The main reason I passed up on the opportunity to get out of Afghanistan was my neighbor, Shallah. We spent countless hours talking about how we would weather this storm together. We created scenarios of being together, both with and without her father finding out. A couple of months after the fighting ended, the political situation was only getting worse. Peace Corps let us know that they wanted to draw down the number of volunteers. To do this, they mandated that anyone who had been in-country for a year or less had to pack and leave the following week. They didn’t say that we were being evacuated. They said we were being sent to Iran for a cooling off period, after which we could decide to return. The decision to return to Afghanistan would be left entirely to us.
Shallah burst into tears when I told the news. “I knew this would happen. I knew you would leave me. This was never going to work,” she said. I declared my commitment to our relationship. Then I swore that I would be back. I promised I would make it work. I asked only that she have a little faith in me.
We arrived in Tehran in the midst of the Iranian Revolution. The day we got in the militants bombed the carpet bazaar. The tanks on every corner attested to the massive social unrest. Hordes of protesters clogged every street. I remember thinking that it seemed like the entire world was at war.
I now know that even surreal situations can feel normal when lived through day by day. But a little distance is all you need to change that focus. It was easy to see the oddity of life in Afghanistan from the distance of Tehran. With two weeks of the ‘normalcy’ of rioting Iran, not a single one in my group of ‘forced evacuees’ decided to return to the chaos of war in Afghanistan.
For me, that meant leaving Peace Corps less than six months into my twenty-eight month tour. More than that, it meant breaking my oath to Shallah. But my growing dislike of my assignment, and the pressure Peace Corps put on us to abandon post, began to work. For one thing, they offered us our pick of onward posts. The pitch went like this:
They asked us to give them three criteria to match. I told them I wanted to learn a language I could use after Peace Corps. I didn’t think all the effort I expended on learning Farsi would be of future use. Second, I didn’t want to teach English any more. Instead I said I wanted to ‘do actual development work’. Finally, between Challenge/Discovery and Afghanistan, I was sick of deserts. If I had to live in sand, I wanted it to be near the ocean.
They came back with Kpagouda, in Togo, West Africa. They told me that the national language there was French. They left out that my posting would be among the world’s half a million people who spoke nothing but Kabye. They said I’d work on a USAID project training farmers to plow with oxen. They forgot to mention that the project wasn’t funded yet. And they let me know Togo is on the beach. It also turned out to be a difficult two-day trip from Kpagouda that I only made a couple times a year.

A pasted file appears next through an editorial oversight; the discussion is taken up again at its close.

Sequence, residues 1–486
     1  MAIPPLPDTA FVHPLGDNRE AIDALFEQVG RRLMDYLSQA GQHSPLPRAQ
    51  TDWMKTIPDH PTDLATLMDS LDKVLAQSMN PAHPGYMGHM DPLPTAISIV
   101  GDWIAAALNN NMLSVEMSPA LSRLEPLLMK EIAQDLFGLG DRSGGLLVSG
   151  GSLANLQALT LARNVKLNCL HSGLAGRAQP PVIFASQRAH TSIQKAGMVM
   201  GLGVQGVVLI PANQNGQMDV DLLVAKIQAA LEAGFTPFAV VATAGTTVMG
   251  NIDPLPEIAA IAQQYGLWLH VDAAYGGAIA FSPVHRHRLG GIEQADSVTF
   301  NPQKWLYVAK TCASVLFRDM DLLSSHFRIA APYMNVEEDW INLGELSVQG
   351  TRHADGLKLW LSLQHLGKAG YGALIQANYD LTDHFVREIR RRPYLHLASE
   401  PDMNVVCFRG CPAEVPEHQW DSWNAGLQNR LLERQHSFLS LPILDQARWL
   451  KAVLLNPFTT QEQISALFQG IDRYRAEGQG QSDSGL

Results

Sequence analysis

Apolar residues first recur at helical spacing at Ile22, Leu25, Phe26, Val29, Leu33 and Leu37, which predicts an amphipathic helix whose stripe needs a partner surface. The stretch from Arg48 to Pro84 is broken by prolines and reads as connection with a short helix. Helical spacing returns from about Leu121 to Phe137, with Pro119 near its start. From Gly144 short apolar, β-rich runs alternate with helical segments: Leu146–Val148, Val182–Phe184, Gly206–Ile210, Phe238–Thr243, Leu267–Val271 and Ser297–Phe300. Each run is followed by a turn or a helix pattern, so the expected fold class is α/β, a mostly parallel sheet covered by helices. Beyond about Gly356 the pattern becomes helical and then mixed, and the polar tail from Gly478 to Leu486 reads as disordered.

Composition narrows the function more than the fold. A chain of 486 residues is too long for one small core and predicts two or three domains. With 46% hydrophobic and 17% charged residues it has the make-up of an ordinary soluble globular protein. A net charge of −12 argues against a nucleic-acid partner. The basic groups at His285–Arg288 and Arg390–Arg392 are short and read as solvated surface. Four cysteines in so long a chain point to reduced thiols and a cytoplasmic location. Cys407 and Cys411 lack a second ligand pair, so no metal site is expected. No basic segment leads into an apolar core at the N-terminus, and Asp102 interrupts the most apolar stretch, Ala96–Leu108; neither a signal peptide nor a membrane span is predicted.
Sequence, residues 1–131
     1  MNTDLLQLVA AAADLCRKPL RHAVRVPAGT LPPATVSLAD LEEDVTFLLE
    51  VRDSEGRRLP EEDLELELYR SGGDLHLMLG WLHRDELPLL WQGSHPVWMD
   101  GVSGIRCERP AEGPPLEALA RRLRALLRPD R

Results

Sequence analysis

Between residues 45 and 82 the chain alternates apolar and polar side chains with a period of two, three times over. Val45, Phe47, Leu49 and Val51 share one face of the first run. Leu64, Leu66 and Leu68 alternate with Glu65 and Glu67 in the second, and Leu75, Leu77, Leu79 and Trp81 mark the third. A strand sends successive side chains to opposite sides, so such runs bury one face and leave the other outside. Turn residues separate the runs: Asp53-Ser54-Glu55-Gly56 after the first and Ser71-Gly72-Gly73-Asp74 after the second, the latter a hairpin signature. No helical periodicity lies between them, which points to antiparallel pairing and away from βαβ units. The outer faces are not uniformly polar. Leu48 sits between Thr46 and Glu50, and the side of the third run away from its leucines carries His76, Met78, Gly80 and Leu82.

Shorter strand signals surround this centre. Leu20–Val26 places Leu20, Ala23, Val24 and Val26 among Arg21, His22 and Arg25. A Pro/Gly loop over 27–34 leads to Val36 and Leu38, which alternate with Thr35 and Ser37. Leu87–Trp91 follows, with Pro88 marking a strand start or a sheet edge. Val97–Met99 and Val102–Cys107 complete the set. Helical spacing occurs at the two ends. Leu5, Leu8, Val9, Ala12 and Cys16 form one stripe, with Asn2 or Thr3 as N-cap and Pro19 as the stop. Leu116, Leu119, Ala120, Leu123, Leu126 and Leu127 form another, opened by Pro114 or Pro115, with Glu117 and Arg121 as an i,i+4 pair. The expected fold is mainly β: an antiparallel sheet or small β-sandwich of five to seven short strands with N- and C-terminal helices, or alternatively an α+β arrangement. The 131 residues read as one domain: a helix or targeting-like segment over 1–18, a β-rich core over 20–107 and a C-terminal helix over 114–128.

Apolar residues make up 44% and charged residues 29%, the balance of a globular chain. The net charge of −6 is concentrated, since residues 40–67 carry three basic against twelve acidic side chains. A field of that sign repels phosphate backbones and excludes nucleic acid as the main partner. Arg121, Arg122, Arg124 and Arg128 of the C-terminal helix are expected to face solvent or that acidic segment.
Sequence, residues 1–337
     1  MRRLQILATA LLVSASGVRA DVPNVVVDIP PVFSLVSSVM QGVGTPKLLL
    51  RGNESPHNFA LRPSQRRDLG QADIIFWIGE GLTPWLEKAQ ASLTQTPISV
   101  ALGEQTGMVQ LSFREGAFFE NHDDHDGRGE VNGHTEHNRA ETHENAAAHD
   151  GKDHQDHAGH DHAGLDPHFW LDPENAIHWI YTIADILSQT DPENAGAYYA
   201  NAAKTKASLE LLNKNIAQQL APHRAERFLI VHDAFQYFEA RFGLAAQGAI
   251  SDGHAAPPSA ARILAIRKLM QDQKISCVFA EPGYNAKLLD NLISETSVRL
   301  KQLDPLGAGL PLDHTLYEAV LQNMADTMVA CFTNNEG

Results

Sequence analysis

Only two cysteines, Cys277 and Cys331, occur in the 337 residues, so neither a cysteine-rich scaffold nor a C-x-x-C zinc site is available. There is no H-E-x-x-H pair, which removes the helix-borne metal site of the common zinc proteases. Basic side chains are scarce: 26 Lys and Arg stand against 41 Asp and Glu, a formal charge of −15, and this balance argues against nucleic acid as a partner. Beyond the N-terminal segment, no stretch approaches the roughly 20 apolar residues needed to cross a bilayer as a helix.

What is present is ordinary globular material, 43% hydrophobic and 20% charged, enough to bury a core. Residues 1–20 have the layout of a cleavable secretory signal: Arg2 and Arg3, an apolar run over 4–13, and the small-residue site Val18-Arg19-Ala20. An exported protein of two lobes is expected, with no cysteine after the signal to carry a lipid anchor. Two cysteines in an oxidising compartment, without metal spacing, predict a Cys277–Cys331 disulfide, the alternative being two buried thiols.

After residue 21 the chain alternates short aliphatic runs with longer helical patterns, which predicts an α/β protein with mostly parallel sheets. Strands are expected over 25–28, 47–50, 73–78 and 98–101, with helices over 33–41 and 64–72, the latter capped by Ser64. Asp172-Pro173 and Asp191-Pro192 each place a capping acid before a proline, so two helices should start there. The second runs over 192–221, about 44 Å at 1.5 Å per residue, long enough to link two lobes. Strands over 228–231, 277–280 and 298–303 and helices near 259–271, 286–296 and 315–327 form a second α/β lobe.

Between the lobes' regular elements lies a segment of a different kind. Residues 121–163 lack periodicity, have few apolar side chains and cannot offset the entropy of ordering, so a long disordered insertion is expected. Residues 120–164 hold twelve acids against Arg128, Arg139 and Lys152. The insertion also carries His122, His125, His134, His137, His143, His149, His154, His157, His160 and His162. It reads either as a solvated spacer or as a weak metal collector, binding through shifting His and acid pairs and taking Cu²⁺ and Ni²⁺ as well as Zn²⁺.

What I knew as I left Teheran was that I was heading to a great program on a beautiful French-speaking beach. That gave me four weeks in the U.S. to get my relationship with Shallah sorted out. I knocked on my parent’s door in Virginia before they’d even heard I had left Afghanistan.
Things didn’t go well with Shallah. She reminded me that I had given her my word. She tearfully informed me that she’d known in her heart of hearts that I had no intention of helping her get out. I can’t remember what I excuses I made…It can’t have been very thoughtful or convincing. She was right in everything she said. With my tail between my legs, I promised again that I’d do anything to be with her. But for a while it was best if we planned to keep in regular touch. This despite knowing I would be in the heart of Africa and she across the sands of Afghanistan. It didn’t sound plausible even to me.
The final chapter of this saga was as implausible as the rest. In time I heard that Shallah had made her way back to London, and after my first year in Togo, I also managed to get there. She was not particularly eager to see me, but I finally convinced her that we should briefly meet. She agreed on conditions set by her family. First, we’d meet at a public tearoom. Second, her grandmother would join us there. While the meeting provided closure, it did little more than that. The intervening year had not been kind to either of us and whatever we’d once had was gone. Before we went our separate ways she told me she was now engaged and would soon be married to her cousin.
My final Afghan memory came as I was waiting in the Kabul airport for the flight that would take us to Teheran. The airport was teeming with young militants in khakis, all carrying Kalashnikovs. They were giving us a hard time about trying to leave, and we were all tense as they tore through our luggage. They seemed eager to find contraband or anything else that they could detain us for. The tensest moment came when one young guy tore open a female volunteer’s backpack. He dumped a pile of tampons out on the table. Then he jumped back, startled, and started shouting and waving his gun around. Our translator looked every bit as freaked as the young soldier. He stammered as he translated, pointing at the pile, “He wants to know what those things with the fuses are!”